I used a menstrual cup and here’s why I think you too should make the switch

Thought Bubble
Thought BubbleJan 25, 2019 | 18:01

I used a menstrual cup and here’s why I think you too should make the switch

The striking thing about great ideas is that, once discovered, one wonders why no one thought of it earlier. Having used a menstrual cup during my periods this time, I can’t stop thinking why this discovery took so long!

To be honest, I do not have a very difficult period. Pain is rare and the blood flow is moderate. Yet, periods come with their usual discomforts. Mood swings, the urge to cry my heart out and snap at people. Friends, who have been at the receiving end, know it! 1F642


cup-690_012519053031.jpgMenstrual cup are the best thing to happen to women in recent times. (Source: Twitter/@AllisonMetwaly)

Periods are especially difficult during winters. There is pain, even if moderate, and it is enough to distract me from work. But I have a higher endurance for physical pain.

The difficult part about periods during winters is the constant unease that you feel due to the use of sanitary napkins. It is a problem during summers too — but winters make it messier bringing out the snappier, angrier and more irritable variant of you.

I lived with the discomfort for years, thinking I am lucky, unlike many women forced to use cloth to soak up the blood and blessed in comparison to the many others who use cow dung and mud for the purpose. Guess that had to do with how I have been brought up, always told to look at those who have less than me!

Sorry about the digression, but periods are an emotional and emotive issue for women — digressions are inadvertent.

Some female friends told me to stop using sanitary napkins. Now, I am also a guilty capitalist who is constantly weighing my carbon footprint and trying to cut down on whatever possible for the sake of the environment.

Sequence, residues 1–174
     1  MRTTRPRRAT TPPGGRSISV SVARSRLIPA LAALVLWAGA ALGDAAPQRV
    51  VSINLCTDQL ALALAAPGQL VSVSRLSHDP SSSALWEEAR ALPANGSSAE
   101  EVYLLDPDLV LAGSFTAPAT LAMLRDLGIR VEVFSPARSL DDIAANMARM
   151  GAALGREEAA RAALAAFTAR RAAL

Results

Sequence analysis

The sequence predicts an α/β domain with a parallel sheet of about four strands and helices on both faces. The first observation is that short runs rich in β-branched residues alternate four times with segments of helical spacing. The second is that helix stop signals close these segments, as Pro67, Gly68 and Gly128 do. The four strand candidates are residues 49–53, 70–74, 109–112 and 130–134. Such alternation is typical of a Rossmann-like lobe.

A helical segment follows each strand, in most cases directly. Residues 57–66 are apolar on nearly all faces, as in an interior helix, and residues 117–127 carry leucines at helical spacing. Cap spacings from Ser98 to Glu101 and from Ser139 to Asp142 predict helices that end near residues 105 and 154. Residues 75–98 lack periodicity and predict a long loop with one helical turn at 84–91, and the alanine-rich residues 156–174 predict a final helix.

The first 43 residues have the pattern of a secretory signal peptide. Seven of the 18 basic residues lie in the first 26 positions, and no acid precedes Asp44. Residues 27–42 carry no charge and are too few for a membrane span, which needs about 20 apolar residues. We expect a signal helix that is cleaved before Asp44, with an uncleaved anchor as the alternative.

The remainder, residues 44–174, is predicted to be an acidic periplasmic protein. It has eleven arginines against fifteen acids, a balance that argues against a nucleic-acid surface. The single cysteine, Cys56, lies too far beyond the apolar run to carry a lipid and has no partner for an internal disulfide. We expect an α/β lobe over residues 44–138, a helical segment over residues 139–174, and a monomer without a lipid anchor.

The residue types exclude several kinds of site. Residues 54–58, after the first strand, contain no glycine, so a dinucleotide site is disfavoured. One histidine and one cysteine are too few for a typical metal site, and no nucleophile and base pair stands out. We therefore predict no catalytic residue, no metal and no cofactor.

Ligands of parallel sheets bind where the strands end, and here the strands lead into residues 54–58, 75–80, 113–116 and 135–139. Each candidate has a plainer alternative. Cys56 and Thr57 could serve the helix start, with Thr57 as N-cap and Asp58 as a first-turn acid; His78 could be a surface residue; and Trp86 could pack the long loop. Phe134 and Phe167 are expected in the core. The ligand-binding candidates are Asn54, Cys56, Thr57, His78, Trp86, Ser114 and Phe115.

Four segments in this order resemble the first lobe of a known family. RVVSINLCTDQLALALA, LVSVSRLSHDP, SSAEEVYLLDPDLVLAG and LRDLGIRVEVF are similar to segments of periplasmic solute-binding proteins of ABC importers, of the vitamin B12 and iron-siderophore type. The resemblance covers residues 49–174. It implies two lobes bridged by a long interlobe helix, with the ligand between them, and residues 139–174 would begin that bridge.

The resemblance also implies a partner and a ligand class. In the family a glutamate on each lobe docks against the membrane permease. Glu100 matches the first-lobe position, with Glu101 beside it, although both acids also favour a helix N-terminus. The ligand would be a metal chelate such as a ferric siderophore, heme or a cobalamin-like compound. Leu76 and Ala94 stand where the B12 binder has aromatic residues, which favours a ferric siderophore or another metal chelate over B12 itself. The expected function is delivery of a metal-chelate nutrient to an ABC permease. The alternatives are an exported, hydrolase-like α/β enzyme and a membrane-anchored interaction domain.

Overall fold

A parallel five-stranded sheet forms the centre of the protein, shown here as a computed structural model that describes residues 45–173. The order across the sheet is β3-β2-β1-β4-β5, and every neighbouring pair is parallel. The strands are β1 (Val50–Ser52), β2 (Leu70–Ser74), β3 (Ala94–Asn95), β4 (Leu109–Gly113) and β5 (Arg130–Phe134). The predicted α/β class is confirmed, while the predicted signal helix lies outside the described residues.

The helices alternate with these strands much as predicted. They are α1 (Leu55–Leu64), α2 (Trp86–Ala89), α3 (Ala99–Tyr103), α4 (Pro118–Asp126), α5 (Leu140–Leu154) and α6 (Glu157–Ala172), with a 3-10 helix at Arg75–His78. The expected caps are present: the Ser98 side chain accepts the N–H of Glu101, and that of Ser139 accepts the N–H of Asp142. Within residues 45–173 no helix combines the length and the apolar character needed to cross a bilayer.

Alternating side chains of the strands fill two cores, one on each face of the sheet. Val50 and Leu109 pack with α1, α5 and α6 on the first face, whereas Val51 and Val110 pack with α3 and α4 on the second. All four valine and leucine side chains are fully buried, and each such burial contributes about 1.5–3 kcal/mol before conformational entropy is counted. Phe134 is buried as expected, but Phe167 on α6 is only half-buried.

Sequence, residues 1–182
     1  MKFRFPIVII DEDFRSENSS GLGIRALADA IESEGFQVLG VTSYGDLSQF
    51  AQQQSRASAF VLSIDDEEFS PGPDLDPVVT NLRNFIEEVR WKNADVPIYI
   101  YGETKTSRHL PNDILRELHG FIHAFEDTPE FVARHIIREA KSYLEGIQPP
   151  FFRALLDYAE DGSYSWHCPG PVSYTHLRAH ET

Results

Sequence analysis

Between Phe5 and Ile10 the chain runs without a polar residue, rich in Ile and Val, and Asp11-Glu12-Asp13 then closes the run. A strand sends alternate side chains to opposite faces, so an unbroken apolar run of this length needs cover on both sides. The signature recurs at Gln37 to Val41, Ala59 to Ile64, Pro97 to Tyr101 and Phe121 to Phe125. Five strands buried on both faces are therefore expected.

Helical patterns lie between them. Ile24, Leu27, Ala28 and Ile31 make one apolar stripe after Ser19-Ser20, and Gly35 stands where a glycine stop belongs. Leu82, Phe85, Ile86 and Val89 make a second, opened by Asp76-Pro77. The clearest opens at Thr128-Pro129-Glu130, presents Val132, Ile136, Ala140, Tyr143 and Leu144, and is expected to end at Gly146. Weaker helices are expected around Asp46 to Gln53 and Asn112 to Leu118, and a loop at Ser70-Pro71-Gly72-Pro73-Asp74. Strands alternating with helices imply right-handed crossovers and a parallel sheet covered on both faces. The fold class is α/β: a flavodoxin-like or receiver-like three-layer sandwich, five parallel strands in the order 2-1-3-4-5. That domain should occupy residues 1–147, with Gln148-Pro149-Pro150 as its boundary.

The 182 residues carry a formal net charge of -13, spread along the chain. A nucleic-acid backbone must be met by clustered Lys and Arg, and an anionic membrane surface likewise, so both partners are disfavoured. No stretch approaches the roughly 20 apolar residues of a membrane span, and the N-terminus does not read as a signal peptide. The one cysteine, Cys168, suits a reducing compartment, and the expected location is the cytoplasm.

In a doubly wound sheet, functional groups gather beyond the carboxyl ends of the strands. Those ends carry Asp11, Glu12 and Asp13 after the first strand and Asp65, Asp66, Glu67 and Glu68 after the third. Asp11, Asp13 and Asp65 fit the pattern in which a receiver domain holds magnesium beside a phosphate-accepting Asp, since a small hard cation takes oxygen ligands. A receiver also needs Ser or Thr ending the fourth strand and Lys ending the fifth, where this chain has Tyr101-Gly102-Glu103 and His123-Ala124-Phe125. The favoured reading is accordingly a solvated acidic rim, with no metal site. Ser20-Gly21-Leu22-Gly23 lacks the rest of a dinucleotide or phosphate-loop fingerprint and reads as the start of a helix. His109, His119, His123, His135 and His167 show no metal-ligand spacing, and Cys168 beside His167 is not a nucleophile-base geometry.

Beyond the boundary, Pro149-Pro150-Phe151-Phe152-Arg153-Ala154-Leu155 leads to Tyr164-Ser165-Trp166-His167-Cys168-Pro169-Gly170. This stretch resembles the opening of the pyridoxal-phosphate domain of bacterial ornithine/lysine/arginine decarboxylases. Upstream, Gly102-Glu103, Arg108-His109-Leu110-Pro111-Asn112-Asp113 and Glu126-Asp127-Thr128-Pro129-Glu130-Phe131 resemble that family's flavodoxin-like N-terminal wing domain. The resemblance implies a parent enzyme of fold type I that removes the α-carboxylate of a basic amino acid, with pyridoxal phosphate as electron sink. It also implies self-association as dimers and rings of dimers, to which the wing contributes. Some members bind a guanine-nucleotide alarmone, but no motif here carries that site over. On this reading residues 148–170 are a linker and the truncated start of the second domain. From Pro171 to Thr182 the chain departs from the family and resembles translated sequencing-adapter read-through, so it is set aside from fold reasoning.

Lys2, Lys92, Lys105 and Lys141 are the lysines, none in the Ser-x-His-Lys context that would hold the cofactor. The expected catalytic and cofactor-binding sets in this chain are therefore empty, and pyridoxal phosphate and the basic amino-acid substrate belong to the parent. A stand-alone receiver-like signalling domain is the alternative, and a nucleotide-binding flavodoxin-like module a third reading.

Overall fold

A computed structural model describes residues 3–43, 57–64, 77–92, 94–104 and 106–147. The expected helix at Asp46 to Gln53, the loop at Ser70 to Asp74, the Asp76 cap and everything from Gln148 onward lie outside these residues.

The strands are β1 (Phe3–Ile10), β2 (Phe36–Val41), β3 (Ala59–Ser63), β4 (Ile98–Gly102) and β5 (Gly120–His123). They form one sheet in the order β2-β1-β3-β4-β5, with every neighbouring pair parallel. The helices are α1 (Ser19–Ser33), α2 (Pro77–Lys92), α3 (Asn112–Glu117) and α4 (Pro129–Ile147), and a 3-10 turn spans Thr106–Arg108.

Since I got to know how discarded sanitary napkins were harming the environment, I had imagined pads discarded by me just staying there — not degrading, simply adding to the waste of the world.

pads-690_012519053214.jpgPads add to the waste in the environment. (Source: Twitter/@bimabazaar)

Yet when a friend called and said she was ordering one for me, I said no at the first go. But then, your friends know how to draw you into something. She asked me to imagine the waste I am going to add to the world by not making this small change in my life.

And boy! What a change it has been.

Menstrual cups make you forget you are going through your periods. Yes, the first day of use is uncomfortable but the next day onwards, life literally changes.

But using it is not easy if you don’t know how to take things easy!

The trick is to stay calm. Follow the instructions scribbled on the packet and putting it in is a cakewalk. The real challenge is taking it out. The mantra stays much the same — stay calm.

The one things you can’t do without if you are using a cup is the comfort of your own bathroom. For many women, that is a luxury. But if all menstruating women in India could be handed over a cup each, it is so many problems solved together. With more and more women getting access to toilets, this is achievable indeed.


kapda-690_012519053421.jpgAll sorts of pads leave women in deep discomfort. (Source: milliemusings.weebly.com)

Not only would it give women a healthier and more hygenic life, saving them from so many life-threatening diseases, it also prevents tonnes of non-biodegradable waste being added to the environment.

Menstrual cups are long-lasting products. With most cups offering a shelf life of about 8-15 years, no woman needs to buy more than perhaps two or three to last her menstruating age.

This is a revolutionary product for women. We need mechanisms to ensure more women can access them.

Those who can, I have only this to say — please shed your inhibitions and make the switch.

To the men reading this, ensure the women in your lives use it too.

Last updated: January 25, 2019 | 18:01
Please log in
I agree with DailyO's privacy policy